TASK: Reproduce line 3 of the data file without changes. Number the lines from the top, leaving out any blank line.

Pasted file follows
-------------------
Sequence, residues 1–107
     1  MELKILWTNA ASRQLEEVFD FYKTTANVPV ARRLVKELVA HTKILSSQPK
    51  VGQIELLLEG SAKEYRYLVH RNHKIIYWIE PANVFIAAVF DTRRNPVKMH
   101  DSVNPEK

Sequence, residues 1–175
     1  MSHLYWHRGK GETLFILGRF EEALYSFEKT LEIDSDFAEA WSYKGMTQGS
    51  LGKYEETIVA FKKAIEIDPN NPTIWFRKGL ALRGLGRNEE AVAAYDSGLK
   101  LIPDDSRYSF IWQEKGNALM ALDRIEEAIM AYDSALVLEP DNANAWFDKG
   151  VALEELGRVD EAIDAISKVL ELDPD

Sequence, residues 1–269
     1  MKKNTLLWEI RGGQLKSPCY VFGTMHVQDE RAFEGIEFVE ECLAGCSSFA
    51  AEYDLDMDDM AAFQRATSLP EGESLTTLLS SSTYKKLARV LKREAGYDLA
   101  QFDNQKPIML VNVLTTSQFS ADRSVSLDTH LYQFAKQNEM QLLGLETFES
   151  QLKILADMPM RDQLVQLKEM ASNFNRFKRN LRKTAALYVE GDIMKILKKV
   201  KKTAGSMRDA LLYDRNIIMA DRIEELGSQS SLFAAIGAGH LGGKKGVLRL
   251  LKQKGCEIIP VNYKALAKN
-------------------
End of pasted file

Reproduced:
    51  VGQIELLLEG SAKEYRYLVH RNHKIIYWIE PANVFIAAVF DTRRNPVKMH